Which primary care resident is more likely to initiate the discussion of designating a healthcare proxy?

Marie L. Eloi-Stiven, Maria Melissa S. Tobias, Madelon Finkel, Luisa Lopez-Luciano, Vansantha Kondamudi, Maritza DeLaRosa

Research output: Contribution to journalArticlepeer-review

1 Scopus citations

Abstract

Despite widespread support for the concept of advance care planning, few Americans have a healthcare proxy. It is not known if certain physician characteristics make it less likely that the discussion of a healthcare proxy will be initiated, particularly in the case of physicians in training. The objective of this descriptive, cross-sectional study was to determine if resident characteristics (specialty, race, age, gender, and religion) affect his or her decision to initiate discussions with patients regarding designation of a healthcare proxy. Participants consisted of primary care residents employed at The Brooklyn Hospital Center, Brooklyn, New York, from the departments of Internal Medicine, Pediatrics, Obstetrics and Gynecology, and Family Practice. An anonymous 14-item questionnaire was distributed to all primary care residents (N = 151) at the hospital during their respective conferences and grand rounds. Seventy-eight residents returned the instrument for analysis. When compared to other primary care specialties (n = 40), internal medicine residents (n = 38) were more likely to initiate healthcare proxy discussions with patients (p < 0.05). Residents who were younger than 35 were more inclined to encourage decision-making by surrogates (p < 0.05). Of the total number of residents, 92 percent correctly defined a healthcare proxy, and 66 percent thought a physician should initiate patient selection of a healthcare proxy, yet only 55 percent of physicians did so. Our results indicated that a little over half of the physicians surveyed initiated discussion for a surrogate decision-maker, even though most thought it was their duty. Younger internal medicine residents are more likely to ask patients about healthcare proxies. Some residents were unable to correctly identify the definition of a healthcare proxy, and this lack of knowledge is likely to result in poor advance care planning.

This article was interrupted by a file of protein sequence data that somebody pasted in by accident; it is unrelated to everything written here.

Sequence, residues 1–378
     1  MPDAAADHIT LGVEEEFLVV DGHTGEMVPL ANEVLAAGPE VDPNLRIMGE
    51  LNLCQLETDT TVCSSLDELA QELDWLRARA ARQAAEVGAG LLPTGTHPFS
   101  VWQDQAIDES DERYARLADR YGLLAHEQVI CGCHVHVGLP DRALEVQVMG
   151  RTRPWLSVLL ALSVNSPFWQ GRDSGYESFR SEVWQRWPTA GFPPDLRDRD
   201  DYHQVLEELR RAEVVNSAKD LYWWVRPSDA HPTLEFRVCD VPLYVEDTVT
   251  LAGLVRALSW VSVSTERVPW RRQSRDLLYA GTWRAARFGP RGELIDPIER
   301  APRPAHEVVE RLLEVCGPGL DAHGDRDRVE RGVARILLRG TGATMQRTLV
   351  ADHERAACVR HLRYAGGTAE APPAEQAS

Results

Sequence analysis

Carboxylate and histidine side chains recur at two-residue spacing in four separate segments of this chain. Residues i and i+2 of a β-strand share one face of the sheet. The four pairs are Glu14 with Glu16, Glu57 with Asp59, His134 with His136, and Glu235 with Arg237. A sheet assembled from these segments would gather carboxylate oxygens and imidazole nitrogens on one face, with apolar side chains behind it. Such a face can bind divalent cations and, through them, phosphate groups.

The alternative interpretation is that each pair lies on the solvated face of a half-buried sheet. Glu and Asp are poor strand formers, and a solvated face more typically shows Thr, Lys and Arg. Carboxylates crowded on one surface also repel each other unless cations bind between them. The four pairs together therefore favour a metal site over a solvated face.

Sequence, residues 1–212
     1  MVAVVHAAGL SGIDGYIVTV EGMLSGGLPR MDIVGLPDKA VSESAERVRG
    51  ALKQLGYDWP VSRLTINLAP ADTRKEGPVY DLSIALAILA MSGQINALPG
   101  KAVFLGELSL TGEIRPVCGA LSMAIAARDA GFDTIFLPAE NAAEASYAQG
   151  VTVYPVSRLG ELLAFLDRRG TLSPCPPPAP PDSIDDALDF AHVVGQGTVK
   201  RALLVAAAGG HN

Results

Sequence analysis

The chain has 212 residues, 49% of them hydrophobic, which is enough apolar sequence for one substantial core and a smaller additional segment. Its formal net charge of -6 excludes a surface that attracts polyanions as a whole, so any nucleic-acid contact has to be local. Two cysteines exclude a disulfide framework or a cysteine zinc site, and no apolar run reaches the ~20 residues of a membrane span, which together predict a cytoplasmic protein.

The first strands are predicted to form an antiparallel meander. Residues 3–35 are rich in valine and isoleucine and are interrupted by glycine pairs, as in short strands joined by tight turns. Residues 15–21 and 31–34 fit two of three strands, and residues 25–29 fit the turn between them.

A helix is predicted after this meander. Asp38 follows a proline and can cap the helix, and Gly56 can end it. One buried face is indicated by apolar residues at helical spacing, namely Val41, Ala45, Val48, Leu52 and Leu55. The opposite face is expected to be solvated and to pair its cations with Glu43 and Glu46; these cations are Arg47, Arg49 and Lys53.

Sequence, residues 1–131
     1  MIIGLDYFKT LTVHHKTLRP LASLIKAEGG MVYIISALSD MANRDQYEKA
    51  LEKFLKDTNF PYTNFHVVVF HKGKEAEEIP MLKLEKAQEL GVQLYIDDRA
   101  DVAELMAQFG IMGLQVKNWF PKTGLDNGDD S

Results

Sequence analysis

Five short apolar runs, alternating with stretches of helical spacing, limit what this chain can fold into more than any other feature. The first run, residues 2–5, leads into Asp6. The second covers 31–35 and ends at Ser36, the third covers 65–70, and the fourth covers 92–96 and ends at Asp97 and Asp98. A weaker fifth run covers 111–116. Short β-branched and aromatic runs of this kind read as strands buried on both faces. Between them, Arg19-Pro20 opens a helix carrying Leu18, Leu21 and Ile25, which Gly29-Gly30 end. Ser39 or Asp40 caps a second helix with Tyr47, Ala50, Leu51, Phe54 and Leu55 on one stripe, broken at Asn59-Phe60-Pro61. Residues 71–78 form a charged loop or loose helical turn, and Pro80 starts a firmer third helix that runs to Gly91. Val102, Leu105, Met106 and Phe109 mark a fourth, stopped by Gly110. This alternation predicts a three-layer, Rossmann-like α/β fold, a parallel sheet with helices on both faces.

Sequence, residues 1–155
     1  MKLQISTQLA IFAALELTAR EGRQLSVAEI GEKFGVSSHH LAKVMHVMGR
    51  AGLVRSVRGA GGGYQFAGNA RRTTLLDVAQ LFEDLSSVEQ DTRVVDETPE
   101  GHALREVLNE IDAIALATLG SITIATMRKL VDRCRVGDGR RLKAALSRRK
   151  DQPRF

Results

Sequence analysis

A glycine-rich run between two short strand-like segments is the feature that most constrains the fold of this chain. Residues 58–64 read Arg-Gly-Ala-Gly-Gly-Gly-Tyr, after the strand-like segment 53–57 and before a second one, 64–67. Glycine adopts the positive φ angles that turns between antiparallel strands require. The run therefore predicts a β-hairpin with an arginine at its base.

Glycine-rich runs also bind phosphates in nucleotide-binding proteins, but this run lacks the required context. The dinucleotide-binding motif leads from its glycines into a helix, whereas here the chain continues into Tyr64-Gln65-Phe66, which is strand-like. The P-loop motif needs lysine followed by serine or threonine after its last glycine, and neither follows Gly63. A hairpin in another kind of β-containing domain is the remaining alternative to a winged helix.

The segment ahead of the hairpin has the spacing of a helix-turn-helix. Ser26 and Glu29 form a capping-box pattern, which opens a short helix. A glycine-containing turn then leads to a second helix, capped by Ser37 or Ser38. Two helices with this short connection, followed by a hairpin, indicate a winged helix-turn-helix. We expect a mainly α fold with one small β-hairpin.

Original languageEnglish
Pages (from-to)111-115
Number of pages5
JournalAmerican Journal of Hospice and Palliative Medicine
Volume21
Issue number2
DOIs
StatePublished - 2004

Keywords

  • Advance care planning
  • Communication
  • End-of-life care
  • Healthcare proxy
  • Resident

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